NORML reported yesterday that a final order has been issued by the United States Drug Enforcement Administration (DEA) which rejects a ruling from it’s own Administrative Law Judge who found that the public interest would be served if the University of Massachusetts was granted a license to grow marijuana for federally regulated research.

By rejecting the finding, the DEA is upholding the monopoly on the supply of marijuana available for FDA (Food and Drug Administration)-regulated research, which is currently held by NIDA – the National Institute on Drug Abuse. Last year, a spokesperson for the DEA told a reporter from the New York Times, “We generally do not fund research focused on the potential beneficial medical effects of marijuana.”

Four years ago, after an extensive number of hearings, DEA Judge Mary Ellen Bittner issued an opinion favoring the University of Massachusetts being granted legal permission to grow cannabis for use in FDA-approved clinical trials.

In her findings, she wrote, “I conclude that granting Respondent’s application would not be inconsistent with the Single Convention, that there would be minimal risk of diversion of marijuana resulting from Respondent’s registration, that there is currently an inadequate supply of marijuana available for research purposes, that competition in the provision of marijuana for such purposes is inadequate, and that Respondent has complied with applicable laws and has never been convicted of any violation of any law pertaining to controlled substances. I therefore find that Respondent’s registration to cultivate marijuana would be in the public interest.”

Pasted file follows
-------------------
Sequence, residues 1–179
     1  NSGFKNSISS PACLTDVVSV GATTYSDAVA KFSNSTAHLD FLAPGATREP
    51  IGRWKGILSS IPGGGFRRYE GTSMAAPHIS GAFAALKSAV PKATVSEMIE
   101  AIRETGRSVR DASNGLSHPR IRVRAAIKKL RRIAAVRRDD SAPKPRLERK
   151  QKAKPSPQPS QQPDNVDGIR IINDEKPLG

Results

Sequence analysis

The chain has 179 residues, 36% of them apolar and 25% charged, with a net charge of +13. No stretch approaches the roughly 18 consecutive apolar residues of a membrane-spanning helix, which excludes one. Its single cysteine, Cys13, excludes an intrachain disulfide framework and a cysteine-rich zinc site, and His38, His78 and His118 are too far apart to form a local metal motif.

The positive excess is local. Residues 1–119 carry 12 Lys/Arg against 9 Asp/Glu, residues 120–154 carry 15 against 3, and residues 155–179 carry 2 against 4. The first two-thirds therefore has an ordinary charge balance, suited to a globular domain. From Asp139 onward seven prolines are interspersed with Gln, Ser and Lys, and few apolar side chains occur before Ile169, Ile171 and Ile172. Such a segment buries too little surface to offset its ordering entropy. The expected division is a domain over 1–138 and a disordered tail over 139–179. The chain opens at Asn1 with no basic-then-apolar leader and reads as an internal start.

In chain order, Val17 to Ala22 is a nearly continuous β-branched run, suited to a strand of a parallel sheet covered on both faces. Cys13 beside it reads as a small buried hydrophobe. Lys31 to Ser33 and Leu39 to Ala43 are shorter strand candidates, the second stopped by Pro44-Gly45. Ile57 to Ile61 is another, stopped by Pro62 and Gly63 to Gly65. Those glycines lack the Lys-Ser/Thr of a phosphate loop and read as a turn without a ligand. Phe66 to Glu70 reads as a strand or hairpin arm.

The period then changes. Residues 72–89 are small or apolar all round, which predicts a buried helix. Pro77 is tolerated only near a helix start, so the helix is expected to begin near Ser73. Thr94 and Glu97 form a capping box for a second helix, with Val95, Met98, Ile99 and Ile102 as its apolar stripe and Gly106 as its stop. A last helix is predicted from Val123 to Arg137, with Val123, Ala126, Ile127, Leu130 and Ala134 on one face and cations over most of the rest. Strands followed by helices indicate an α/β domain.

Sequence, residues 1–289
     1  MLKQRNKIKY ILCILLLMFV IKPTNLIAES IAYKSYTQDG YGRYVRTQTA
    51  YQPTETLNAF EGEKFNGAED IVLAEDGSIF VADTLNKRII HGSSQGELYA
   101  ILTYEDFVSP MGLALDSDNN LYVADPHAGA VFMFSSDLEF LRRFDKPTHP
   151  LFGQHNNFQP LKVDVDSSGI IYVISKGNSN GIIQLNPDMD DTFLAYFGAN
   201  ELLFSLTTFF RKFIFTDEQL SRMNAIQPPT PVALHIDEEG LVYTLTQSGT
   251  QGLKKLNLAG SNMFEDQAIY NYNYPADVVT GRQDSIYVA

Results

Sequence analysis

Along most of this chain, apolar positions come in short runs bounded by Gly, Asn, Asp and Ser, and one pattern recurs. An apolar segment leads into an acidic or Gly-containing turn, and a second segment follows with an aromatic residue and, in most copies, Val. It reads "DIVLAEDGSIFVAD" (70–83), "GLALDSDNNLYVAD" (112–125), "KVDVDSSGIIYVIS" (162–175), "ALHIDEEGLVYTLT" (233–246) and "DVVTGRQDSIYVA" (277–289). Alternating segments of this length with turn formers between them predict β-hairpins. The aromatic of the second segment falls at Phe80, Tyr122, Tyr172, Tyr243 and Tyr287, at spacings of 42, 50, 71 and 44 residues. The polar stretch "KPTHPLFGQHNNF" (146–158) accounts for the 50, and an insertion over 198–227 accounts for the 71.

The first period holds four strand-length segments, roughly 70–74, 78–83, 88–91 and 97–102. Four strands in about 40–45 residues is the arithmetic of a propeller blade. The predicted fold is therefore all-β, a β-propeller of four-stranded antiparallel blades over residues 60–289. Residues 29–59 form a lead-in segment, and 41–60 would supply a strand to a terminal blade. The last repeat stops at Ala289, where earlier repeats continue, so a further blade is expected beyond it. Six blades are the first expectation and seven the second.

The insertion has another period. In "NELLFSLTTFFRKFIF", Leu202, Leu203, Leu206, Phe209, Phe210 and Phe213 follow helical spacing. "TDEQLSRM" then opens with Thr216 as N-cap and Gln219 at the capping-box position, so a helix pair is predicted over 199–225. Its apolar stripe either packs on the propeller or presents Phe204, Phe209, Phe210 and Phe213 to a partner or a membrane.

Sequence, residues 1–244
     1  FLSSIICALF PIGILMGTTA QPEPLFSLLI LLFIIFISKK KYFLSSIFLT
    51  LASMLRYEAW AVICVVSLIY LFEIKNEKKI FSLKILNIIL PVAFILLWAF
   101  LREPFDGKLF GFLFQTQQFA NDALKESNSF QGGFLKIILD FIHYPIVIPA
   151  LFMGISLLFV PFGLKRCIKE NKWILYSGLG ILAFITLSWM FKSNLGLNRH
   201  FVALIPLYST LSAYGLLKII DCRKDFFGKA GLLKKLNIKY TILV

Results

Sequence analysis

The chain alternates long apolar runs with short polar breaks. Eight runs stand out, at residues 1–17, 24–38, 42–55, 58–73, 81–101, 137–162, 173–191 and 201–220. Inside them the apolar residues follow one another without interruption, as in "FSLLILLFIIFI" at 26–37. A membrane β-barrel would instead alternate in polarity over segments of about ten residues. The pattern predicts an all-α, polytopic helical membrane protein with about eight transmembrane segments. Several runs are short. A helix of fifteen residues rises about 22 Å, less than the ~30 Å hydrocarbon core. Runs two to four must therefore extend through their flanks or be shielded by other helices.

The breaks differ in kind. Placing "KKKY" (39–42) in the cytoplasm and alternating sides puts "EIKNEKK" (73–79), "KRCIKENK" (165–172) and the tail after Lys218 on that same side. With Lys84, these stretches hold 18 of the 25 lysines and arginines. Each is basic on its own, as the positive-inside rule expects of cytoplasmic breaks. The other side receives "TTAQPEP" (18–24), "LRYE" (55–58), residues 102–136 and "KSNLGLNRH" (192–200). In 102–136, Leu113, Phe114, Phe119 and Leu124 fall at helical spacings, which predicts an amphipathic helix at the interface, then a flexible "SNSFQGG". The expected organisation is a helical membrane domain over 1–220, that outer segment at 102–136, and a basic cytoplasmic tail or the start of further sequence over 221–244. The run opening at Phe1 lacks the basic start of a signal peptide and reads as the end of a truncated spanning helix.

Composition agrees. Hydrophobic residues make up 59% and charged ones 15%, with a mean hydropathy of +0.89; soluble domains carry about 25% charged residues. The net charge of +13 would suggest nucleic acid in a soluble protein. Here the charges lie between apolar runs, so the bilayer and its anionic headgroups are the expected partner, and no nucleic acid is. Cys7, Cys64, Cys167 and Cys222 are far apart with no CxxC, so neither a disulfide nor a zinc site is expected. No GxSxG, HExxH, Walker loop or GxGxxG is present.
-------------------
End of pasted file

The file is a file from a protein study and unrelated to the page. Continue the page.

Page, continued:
Two years later, DEA director Michele Leonhart set aside Judge Bittner’s ruling. Last month, in a move that shows that the DEA remains consistent in their misguided opinions, the agency denied a nine-year-old petition seeking to initiate hearings regarding the current federal classification of cannabis, stating that there were no adequate and well-controlled studies that proved any medical benefit.

The agency’s ruling may be appealed in the First Circuit US Court of Appeals, but one must ask, what are the chances that the DEA will honor any subsequent ruling when they’ve created the ultimate Catch-22 with regard to medical marijuana: they refuse to approve hearings to reclassify it because there is not enough research, but they also refuse to allow scientists to engage in the necessary research.

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